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HomeLocal NewsUtahWinter storm warning extended; freeze watch issued for parts of Utah

Winter storm warning extended; freeze watch issued for parts of Utah



SALT LAKE CITY — A late-season winter storm that arrived in Utah this weekend has already produced over 2 feet of snow in some parts of the Wasatch Mountains, but some areas could receive another foot of snow by the end of Tuesday.

The National Weather Service extended its winter storm warning for the Wasatch and West Uinta mountain ranges on Monday. It was originally slated to expire Tuesday morning, but it’ll now remain in place throughout Tuesday.

While Alta Ski Area has wrapped up its 2023-2024 season, the resort reported at 2 p.m. Monday it had received 25 inches of snow since the storm began. Other resorts in the area reported at least 1 foot of new snow.

Another 6 to 12 inches of snow is forecast to fall within the listed mountain ranges between Monday afternoon and Tuesday night, but up to another 18 inches of snow is possible in the upper Cottonwood canyons and parts of the Uinta mountains, according to the updated warning.

Some valley and bench communities may also receive some snow by the end of Tuesday, says KSL meteorologist Matt Johnson. He explains the additional precipitation is forecast to come from “little short waves” trailing behind the main low-pressure system that passed through Utah on Sunday and cleared the state.

The smaller storms will continue to produce pockets of rain and snow at times through the end of Tuesday. The largest of these is expected to move through the Wasatch Front and northern Utah Tuesday morning.

Most valley areas will end up with more rain, padding the impressive totals some communities have already received. Precipitation totals have exceeded 1.5 inches in parts of Salt Lake, Davis and Weber counties. South Weber has already received 2.8 inches of water, per weather service data.

Most communities between Provo and Logan could end up with another 0.2 to 0.6 inches of precipitation by early Wednesday, Johnson said.

“Some of us may see less, simply because of the scattered nature of these showers that we’ll see,” he said. “A lot of this (precipitation) will fall as rain, but we could get some pockets of snow.”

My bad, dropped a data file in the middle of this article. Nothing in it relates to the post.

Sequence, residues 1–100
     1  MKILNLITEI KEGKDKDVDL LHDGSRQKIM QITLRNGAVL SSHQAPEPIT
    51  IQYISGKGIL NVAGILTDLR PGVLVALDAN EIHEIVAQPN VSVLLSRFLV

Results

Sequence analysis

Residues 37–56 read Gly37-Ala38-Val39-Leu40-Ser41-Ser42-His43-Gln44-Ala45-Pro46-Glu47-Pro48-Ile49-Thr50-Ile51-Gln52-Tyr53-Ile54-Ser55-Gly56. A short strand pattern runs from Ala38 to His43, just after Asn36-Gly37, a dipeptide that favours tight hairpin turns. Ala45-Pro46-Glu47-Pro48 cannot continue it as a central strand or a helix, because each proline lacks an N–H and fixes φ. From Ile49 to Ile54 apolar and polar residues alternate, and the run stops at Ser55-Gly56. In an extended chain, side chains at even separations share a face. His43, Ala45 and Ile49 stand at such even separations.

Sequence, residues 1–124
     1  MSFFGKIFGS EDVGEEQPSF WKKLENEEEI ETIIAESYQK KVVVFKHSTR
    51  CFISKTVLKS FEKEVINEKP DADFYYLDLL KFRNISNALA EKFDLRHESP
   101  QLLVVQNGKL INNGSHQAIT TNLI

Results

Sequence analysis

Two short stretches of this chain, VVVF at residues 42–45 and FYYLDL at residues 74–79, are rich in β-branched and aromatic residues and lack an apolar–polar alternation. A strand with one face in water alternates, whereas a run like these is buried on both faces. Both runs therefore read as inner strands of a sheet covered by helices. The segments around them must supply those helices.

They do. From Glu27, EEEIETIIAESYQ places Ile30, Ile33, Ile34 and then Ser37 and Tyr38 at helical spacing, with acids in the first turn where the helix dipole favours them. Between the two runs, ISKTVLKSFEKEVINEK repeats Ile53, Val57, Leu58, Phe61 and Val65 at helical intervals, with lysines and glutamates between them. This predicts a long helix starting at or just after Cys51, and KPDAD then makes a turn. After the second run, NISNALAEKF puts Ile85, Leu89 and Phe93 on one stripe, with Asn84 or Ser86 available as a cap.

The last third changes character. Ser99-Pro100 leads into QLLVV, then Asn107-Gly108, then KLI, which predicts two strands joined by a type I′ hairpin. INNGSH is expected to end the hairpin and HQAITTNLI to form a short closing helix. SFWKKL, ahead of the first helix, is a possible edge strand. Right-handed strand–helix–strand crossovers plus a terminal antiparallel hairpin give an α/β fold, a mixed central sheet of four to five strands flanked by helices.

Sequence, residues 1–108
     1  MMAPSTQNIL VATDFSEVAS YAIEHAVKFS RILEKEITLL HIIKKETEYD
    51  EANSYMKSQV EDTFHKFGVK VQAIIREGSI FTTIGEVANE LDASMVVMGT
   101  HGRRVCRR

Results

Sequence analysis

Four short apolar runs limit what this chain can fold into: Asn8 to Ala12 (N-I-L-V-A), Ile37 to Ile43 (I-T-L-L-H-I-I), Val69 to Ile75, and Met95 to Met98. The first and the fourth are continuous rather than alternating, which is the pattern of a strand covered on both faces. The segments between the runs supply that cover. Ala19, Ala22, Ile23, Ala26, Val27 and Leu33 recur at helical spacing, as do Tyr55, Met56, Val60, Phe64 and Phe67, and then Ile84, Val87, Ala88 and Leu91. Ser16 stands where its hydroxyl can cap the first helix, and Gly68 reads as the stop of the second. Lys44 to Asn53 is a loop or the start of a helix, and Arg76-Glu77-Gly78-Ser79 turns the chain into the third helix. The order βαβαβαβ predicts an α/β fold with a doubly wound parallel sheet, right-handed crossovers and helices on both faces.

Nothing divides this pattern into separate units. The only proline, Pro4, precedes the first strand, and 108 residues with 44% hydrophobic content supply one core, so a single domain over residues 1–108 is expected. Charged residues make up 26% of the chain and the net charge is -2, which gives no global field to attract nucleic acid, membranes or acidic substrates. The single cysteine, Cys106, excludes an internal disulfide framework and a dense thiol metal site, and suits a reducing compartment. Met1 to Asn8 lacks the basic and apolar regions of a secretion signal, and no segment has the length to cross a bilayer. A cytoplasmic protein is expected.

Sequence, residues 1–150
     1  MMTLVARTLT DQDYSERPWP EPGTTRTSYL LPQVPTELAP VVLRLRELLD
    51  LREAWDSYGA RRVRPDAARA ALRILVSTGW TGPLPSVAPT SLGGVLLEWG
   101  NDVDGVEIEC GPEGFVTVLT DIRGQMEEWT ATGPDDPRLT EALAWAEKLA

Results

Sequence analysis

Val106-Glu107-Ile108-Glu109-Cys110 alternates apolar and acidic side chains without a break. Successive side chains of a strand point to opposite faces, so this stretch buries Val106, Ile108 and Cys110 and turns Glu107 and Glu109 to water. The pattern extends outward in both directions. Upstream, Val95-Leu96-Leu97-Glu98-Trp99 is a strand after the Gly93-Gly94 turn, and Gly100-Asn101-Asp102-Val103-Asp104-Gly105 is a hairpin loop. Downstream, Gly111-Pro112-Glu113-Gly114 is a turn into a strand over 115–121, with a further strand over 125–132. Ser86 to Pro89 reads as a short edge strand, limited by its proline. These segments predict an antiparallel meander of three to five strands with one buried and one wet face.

Freeze watch in place

The passing storms will also keep temperatures below normal for most of the week. A slew of freeze watches are now in place for Tuesday night and Wednesday morning, where subfreezing temperatures are forecast.

National Weather Service meteorologists say temperatures could drop into the 20s across various parts of Utah, including northern Utah, the Tooele, Rush and Utah valleys and parts of southeast Utah. Blanding, Brigham City, Grantsville, Lehi, Moab, Provo and Tooele are among the cities included in the freeze watches.

The agency recommends people with tender plants to protect them from the cold, drain any in-ground sprinkler systems and cover above-ground pipes.

“Frost and freeze conditions could kill crops, other sensitive vegetation and possibly damage unprotected outdoor plumbing,” the advisory states.

High temperatures along the Wasatch Front are forecast to remain in the upper 40s and low 50s through Wednesday before the region dries out. Highs are expected to return into the 60s by the end of the workweek and 70s this weekend.

Drier conditions are forecast in southern Utah, but Johnson said the unsettled weather will cause some cooldowns in the region. High temperatures in and around St. George are forecast to remain in the upper 70s on Tuesday, but dip into the low 70s on Wednesday before rising back into mid- to upper-80s this weekend.

Full seven-day forecasts for areas across Utah can be found online, at the KSL Weather Center.





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